New York Men are learning to coordinate their office attire: As the belts get tighter, so do the tie knots.
Many companies are abandoning the business-casual movement as they want to appear more refined in a more restrained economic climate.
"A lot of CEOs were lured into relaxing their (dress) codes, but they woke up to find a more relaxed worker who comes in later and chats about games," said James Ammeen, executive director of the Men's Apparel Alliance. As companies made a link between casual clothes and attitude, they decided to put a stop to both.
A majority of executives polled by the Men's Apparel Alliance a nonprofit association made up of retailers, manufacturers and distributors said a change in dress would result in work productivity gains.
"The motto now is 'dress for success.' Look serious; look like you care," Ammeen said.
But that leaves many left wondering about the "rules," he said. Because dress codes often are seen more in practice than in a handbook, men are unsure if a suit and tie are required every day or if a sportcoat and slacks are acceptable some days.
"Men aren't built to make these decisions," said Ammeen, who also is president of Neema Worldwide, a manufacturer whose labels include Haspel, Bert Pulitzer and Jeffrey Banks.
That's not to say men don't have opinions about their clothes. Men who are used to the comfort that came along with the casual dress of the 1990s don't seem entirely willing to give up their khakis and colorful shirts. Sweaters sometimes are being used in place of jackets or twill pants are paired with a shirt and tie.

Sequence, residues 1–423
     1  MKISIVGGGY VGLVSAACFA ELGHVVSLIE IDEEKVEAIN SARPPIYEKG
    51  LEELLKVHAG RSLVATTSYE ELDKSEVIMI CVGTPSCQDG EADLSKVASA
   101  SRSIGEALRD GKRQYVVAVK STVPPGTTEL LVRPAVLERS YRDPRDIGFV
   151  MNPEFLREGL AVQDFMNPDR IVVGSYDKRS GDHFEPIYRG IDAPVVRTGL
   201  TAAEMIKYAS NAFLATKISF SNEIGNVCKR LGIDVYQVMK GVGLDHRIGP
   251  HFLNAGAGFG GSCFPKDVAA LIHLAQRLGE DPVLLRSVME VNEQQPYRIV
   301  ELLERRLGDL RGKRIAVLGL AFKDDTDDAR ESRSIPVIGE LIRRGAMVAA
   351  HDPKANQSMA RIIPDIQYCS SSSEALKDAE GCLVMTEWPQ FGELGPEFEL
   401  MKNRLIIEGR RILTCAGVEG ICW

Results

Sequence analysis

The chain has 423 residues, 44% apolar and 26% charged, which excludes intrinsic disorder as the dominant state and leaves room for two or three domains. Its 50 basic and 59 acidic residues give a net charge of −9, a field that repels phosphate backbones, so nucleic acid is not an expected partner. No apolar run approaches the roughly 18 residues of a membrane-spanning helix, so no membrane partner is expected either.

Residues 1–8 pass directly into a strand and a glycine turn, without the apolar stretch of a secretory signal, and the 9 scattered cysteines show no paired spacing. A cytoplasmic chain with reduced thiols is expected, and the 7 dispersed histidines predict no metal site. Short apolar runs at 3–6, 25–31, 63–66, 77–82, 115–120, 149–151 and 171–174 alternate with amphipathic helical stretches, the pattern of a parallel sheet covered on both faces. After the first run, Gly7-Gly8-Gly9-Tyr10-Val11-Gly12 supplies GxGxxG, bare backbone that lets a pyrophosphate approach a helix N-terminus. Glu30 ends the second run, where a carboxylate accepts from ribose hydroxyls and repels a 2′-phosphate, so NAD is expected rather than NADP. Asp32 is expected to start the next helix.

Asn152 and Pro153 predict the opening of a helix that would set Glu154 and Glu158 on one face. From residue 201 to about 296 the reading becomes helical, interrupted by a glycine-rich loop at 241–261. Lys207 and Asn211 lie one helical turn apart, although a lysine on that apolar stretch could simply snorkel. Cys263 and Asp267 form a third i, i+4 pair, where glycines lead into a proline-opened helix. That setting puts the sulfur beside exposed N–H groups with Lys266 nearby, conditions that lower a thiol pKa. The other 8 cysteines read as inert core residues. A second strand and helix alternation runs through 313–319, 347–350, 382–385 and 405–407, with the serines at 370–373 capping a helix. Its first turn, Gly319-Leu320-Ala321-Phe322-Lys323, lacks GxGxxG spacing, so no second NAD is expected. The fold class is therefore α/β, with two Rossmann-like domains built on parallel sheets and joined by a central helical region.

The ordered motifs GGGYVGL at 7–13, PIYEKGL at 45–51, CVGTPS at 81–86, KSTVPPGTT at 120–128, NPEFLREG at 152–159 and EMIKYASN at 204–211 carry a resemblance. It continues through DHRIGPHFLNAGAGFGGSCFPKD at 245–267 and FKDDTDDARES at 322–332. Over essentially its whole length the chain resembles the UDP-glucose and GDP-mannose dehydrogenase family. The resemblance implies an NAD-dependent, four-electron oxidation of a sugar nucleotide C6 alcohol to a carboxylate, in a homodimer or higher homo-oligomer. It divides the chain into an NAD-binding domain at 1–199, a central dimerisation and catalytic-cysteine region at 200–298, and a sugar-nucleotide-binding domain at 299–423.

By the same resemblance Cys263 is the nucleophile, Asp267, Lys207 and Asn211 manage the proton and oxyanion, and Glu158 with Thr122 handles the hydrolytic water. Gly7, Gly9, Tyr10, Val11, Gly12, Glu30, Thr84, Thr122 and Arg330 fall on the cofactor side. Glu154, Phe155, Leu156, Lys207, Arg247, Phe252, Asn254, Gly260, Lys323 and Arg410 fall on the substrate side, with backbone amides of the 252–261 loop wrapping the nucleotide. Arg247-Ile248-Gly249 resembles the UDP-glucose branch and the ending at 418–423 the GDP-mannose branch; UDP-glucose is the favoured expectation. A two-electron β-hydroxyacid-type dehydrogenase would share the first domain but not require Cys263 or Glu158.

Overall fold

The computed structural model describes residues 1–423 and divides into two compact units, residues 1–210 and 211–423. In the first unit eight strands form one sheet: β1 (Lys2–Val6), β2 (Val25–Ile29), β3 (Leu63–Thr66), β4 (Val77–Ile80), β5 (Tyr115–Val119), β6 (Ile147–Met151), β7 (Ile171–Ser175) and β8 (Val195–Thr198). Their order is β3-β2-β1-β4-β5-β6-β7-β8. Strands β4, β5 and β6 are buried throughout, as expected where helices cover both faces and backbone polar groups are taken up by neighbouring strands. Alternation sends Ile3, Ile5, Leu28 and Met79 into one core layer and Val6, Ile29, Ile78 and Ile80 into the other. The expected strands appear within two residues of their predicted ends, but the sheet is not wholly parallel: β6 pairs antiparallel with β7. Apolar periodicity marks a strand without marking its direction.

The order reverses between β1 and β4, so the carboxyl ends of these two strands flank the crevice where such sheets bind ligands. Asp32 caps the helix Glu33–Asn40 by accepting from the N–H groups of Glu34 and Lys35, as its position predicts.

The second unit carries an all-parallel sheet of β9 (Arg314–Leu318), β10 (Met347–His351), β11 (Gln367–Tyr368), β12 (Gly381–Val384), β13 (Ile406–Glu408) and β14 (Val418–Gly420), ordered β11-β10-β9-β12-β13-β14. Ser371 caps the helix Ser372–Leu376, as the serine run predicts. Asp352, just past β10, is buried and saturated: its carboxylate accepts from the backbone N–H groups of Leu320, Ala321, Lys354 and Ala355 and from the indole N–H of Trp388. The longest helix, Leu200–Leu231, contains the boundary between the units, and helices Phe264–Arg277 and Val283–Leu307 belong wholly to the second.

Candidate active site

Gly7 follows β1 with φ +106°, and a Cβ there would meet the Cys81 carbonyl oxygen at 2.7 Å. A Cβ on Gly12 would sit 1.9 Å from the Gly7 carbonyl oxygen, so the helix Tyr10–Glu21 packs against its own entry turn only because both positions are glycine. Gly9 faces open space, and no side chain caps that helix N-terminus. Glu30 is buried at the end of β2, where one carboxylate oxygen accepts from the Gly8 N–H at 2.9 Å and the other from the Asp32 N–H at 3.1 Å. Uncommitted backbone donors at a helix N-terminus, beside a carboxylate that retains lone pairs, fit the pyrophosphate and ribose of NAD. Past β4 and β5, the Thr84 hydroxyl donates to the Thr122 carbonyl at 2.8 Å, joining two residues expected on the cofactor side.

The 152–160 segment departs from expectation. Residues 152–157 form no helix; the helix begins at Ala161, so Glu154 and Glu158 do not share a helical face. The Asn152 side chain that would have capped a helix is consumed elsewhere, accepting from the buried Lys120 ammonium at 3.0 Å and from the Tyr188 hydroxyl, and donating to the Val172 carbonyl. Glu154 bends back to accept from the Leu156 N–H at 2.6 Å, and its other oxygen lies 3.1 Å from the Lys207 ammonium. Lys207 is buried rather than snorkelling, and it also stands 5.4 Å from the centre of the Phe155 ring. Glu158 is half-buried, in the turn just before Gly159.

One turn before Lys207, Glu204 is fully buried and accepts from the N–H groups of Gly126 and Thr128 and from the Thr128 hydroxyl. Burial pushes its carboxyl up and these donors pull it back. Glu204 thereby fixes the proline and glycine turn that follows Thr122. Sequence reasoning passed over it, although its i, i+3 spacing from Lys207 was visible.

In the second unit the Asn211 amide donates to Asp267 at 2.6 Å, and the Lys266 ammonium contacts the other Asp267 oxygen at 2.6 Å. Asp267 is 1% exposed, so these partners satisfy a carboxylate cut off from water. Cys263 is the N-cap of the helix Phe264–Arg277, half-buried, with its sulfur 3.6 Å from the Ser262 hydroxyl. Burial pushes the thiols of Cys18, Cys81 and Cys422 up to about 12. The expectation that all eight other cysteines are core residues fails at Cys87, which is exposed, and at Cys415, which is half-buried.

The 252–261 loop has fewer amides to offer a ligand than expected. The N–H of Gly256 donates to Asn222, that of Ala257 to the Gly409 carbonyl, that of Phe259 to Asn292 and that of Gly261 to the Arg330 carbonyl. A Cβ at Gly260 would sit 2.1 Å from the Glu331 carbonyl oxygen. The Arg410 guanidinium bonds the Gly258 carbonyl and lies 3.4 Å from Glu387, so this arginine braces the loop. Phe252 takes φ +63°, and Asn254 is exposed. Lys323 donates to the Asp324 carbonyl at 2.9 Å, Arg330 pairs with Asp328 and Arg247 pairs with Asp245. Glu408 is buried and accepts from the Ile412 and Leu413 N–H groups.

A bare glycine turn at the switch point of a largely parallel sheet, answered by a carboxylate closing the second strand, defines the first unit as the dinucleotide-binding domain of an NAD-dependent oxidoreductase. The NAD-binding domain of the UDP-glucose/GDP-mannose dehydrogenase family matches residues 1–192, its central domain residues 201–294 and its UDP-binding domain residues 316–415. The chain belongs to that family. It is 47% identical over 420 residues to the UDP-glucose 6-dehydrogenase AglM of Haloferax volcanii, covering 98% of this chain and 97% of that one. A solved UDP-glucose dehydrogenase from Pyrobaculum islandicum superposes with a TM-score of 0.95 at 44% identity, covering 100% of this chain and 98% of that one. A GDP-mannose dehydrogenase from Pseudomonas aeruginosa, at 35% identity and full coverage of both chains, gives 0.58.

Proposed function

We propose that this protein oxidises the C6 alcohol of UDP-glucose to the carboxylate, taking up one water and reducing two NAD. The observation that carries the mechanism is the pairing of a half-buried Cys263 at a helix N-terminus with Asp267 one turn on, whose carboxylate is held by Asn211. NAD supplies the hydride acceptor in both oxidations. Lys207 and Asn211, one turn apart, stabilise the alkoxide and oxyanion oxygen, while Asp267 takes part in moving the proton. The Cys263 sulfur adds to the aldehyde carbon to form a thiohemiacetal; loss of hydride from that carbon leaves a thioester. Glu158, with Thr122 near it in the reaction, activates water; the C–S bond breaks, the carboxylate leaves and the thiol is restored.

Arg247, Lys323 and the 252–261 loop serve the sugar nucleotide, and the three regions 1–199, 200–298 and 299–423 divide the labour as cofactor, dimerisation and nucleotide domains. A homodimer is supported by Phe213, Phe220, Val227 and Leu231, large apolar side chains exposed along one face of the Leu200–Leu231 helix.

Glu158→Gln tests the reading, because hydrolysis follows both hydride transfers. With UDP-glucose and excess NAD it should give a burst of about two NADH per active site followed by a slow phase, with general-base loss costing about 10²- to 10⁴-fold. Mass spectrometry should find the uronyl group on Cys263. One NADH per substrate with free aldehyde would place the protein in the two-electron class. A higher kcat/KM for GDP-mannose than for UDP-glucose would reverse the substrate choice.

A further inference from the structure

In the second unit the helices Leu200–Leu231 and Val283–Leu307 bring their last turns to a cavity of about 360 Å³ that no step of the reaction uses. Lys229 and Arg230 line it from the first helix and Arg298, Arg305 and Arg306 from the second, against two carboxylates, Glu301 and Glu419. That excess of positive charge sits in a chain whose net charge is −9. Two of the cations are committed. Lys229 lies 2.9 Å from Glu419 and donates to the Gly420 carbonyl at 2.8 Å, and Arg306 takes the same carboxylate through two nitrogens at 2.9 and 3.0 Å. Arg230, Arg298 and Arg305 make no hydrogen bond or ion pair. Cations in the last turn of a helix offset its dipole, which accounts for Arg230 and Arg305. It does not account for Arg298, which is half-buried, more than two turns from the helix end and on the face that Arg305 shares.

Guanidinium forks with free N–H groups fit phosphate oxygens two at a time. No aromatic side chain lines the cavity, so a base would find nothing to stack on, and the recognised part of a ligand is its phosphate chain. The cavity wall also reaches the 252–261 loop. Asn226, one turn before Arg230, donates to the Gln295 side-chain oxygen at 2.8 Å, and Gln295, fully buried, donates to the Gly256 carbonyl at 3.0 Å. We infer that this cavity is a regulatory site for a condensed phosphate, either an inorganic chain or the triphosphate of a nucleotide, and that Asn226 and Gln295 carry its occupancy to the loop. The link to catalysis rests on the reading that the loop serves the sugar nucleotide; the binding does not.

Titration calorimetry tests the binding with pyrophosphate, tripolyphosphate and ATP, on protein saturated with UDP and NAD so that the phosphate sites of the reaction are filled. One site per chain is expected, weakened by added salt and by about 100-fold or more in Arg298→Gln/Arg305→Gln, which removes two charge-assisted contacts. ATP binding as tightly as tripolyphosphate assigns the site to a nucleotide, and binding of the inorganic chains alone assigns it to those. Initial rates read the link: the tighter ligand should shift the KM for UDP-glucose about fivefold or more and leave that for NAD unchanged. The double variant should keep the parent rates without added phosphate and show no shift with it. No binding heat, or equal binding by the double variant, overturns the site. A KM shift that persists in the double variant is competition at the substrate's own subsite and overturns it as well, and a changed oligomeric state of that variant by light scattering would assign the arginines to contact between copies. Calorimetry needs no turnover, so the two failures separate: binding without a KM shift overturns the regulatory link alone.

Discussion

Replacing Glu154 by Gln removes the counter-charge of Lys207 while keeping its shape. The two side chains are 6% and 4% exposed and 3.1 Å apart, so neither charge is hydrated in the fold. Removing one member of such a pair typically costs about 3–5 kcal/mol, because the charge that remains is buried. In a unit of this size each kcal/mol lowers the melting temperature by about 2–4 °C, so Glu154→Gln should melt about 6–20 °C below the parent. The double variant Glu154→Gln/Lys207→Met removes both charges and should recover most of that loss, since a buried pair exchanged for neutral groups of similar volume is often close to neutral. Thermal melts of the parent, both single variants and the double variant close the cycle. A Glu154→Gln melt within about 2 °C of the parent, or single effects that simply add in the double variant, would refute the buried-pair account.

"People are sitting on the fence, whether they dress up or stay casual," said Simon Hobbs, general manager of the upscale New York retailer Turnbull & Asser.
There are ways of putting on a suit and tie while still having a little fun and letting personality show through.
There also are ties in every color, texture and novelty print imaginable to keep corporate clothes from being boring. He compares ties with a woman's makeup "It's the finishing touch."
And they can be worn with shirts of varying degrees of starch.
"Shirts keep some sense of formality, no matter what the print," Hobbs said.
In fact, he notes, classic shirts, with stiff collars, and the American button-down cousin, with buttons to keep the collar flaps down, survive every fashion cycle.
Suits are still the cornerstone of the dress-up wardrobe, but that doesn't mean a closet full of navy and gray flannel. For the summer, there is lightweight poplin; for the modern dresser, there are windowpane patterns; and for the comfort seeker, there are more relaxed silhouettes.
Hobbs suspects there is another reason men are again embracing suits and ties.
"Men also are dressing up because women like men dressed up," he said.